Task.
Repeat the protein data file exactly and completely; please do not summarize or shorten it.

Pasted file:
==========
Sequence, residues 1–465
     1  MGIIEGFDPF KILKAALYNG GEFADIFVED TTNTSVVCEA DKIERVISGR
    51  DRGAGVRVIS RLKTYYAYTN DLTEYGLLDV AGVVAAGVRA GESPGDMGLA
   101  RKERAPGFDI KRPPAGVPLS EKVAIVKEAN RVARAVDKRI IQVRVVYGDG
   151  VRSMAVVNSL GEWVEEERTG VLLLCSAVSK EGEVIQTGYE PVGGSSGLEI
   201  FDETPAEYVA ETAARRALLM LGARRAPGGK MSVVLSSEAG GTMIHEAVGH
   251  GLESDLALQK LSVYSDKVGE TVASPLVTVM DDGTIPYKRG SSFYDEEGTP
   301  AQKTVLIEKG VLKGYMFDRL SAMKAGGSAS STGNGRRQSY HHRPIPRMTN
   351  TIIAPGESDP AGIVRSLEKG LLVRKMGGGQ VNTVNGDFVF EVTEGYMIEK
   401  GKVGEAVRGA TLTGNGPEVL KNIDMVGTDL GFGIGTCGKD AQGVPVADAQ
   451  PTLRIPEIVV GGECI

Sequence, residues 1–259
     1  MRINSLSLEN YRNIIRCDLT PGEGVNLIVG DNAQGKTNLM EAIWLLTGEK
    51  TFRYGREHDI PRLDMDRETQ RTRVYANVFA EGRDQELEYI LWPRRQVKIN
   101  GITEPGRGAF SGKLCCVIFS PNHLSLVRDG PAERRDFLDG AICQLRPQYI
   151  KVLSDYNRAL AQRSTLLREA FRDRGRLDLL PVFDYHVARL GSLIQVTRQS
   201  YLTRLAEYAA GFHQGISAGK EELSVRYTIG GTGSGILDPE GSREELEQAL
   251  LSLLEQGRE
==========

Sequence, residues 1–465
     1  MGIIEGFDPF KILKAALYNG GEFADIFVED TTNTSVVCEA DKIERVISGR
    51  DRGAGVRVIS RLKTYYAYTN DLTEYGLLDV AGVVAAGVRA GESPGDMGLA
   101  RKERAPGFDI KRPPAGVPLS EKVAIVKEAN RVARAVDKRI IQVRVVYGDG
   151  VRSMAVVNSL GEWVEEERTG VLLLCSAVSK EGEVIQTGYE PVGGSSGLEI
   201  FDETPAEYVA ETAARRALLM LGARRAPGGK MSVVLSSEAG GTMIHEAVGH
   251  GLESDLALQK LSVYSDKVGE TVASPLVTVM DDGTIPYKRG SSFYDEEGTP
   301  AQKTVLIEKG VLKGYMFDRL SAMKAGGSAS STGNGRRQSY HHRPIPRMTN
   351  TIIAPGESDP AGIVRSLEKG LLVRKMGGGQ VNTVNGDFVF EVTEGYMIEK
   401  GKVGEAVRGA TLTGNGPEVL KNIDMVGTDL GFGIGTCGKD AQGVPVADAQ
   451  PTLRIPEIVV GGECI

Sequence, residues 1–259
     1  MRINSLSLEN YRNIIRCDLT PGEGVNLIVG DNAQGKTNLM EAIWLLTGEK
    51  TFRYGREHDI PRLDMDRETQ RTRVYANVFA EGRDQELEYI LWPRRQVKIN
   101  GITEPGRGAF SGKLCCVIFS PNHLSLVRDG PAERRDFLDG AICQLRPQYI
   151  KVLSDYNRAL AQRSTLLREA FRDRGRLDLL PVFDYHVARL GSLIQVTRQS
   201  YLTRLAEYAA GFHQGISAGK EELSVRYTIG GTGSGILDPE GSREELEQAL
   251  LSLLEQGRE